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Making arrangements for long-term care
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Long-term care refers to the many services beyond medical care and nursing care used by people who have disabilities or chronic (long-lasting) illnesses. Long-term care insurance helps you pay for these services, which can be very expensive. A policy also ensures that you can make your own choices about what long-term care services you receive and where you receive them.

Ordinary health insurance won’t cover it
People are living longer and longer these days. That’s good news, but the flip side of that is there are more years in which there’s a risk of serious health problems. And that could literally cost all of your remaining life’s savings.

Unfortunately, ordinary health insurance policies and Medicare usually do not pay for long-term care expenses. Medicaid, a federal/state health insurance program, will only pay for long-term care if you’ve already spent most of your savings or other assets. So, there’s long-term care insurance.

Long-term care insurance typically covers the cost of:
Help in your home with daily activities like bathing, dressing, eating and cleaning.

Assisted living services that are provided in a special residential setting other than your own home. These services may include meals, health monitoring, and help with daily activities.

Visiting nurses.

Care in a nursing home.

When is the right time to buy a policy?
The best time to buy long-term care insurance may be middle-age. It’s the time when you have the highest likelihood of being eligible for a policy and, just as important, when premiums costs might be lower.

Is a policy right for you?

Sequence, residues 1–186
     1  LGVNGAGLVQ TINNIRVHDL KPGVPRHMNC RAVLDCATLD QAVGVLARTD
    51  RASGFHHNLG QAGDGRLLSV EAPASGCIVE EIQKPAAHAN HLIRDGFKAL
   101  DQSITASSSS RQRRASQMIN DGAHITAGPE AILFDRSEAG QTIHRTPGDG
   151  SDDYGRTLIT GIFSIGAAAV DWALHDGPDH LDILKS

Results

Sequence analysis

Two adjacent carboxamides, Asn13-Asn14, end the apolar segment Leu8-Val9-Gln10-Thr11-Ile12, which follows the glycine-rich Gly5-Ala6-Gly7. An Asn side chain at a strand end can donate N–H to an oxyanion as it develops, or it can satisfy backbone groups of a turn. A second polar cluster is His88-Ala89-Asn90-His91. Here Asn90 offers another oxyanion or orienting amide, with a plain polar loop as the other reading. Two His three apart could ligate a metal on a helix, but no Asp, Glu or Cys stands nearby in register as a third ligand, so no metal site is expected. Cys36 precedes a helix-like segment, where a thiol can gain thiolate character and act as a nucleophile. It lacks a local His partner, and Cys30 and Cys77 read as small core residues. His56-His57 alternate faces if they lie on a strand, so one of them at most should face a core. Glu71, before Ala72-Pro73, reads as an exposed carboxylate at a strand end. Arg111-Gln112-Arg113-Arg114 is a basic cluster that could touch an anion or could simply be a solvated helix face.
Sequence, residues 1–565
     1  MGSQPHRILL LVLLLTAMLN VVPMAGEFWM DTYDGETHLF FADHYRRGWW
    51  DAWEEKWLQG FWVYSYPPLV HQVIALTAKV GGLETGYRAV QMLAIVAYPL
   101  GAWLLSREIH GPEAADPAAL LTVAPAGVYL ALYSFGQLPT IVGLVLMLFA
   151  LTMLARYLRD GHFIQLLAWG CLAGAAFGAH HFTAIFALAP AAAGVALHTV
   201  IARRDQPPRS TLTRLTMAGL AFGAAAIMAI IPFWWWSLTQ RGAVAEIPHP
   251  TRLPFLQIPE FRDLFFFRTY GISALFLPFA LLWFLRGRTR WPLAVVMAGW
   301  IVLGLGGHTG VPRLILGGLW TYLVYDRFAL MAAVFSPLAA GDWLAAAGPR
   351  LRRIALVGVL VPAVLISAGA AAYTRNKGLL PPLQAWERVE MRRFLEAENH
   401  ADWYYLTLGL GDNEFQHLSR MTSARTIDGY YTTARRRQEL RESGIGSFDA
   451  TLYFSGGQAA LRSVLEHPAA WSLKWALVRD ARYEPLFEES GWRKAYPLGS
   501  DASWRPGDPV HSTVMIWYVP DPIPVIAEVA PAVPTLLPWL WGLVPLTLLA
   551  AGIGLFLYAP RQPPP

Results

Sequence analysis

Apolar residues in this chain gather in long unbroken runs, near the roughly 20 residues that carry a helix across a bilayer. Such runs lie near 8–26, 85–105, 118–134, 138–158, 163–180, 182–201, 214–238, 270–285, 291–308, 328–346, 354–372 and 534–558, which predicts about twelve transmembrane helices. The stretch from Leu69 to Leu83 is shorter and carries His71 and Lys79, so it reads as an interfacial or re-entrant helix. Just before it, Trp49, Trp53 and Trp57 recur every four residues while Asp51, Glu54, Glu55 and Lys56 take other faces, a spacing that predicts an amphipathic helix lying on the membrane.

Long-term care insurance is probably not for everyone, but — with soaring health care costs, insurers increasingly restricting coverage and eligibility, and people’s need to stretch retirement savings through more years — it’s a good idea to consider it seriously. Your goals should be to protect your assets, minimize your dependence on other family members, and control where and how you receive long-term care services. On the other hand, consider the cost, Long-term care insurance can be expensive, especially the longer you wait to purchase.  

Key issues to review
Be sure you consider each of these issues:

Coverage. You can choose long-term care policies that pay only for nursing home care, or only for home care. Or, you can opt to purchase coverage for a mixture of care options that includes nursing home, assisted living and adult day care. Some will pay for a family member or friend to care for you in your home.

Daily or monthly benefit. The daily or monthly benefit is the amount of money the insurance company will pay for each day or month you are covered by a long-term care policy. If the cost of care is more than your daily or monthly benefit, you will need to pay the balance out of your own pocket.

Benefit period. Your benefit period determines the length of time you will receive benefits from your policy. You can choose a benefit period that spans from two to six years, or the rest of your life.

Elimination or waiting period. During this period, you must pay all of your long-term care expenses out of your own pocket. The longer the waiting period is, the lower your premiums will be.

Inflation protection. With health care costs rising to new heights every year, buying a policy without inflation protection is probably buying a policy that won’t cover much of your expenses.  

Non-forfeiture benefit. Policies with this benefit will continue to pay for your care even if you stop paying premiums.  

Consumer tips
Like many other things we purchase it’s wise to shop and compare policies. When you get your policy, review it right away to be sure it covers what you paid for. You also have a “free look” clause that lets you cancel your policy within a certain number of days after you’ve signed and paid for it.

If you would like more information please call me at 754-1226.

Mark Czachowski is a financial representative with the Czachowski Insurance Agency in Springfield.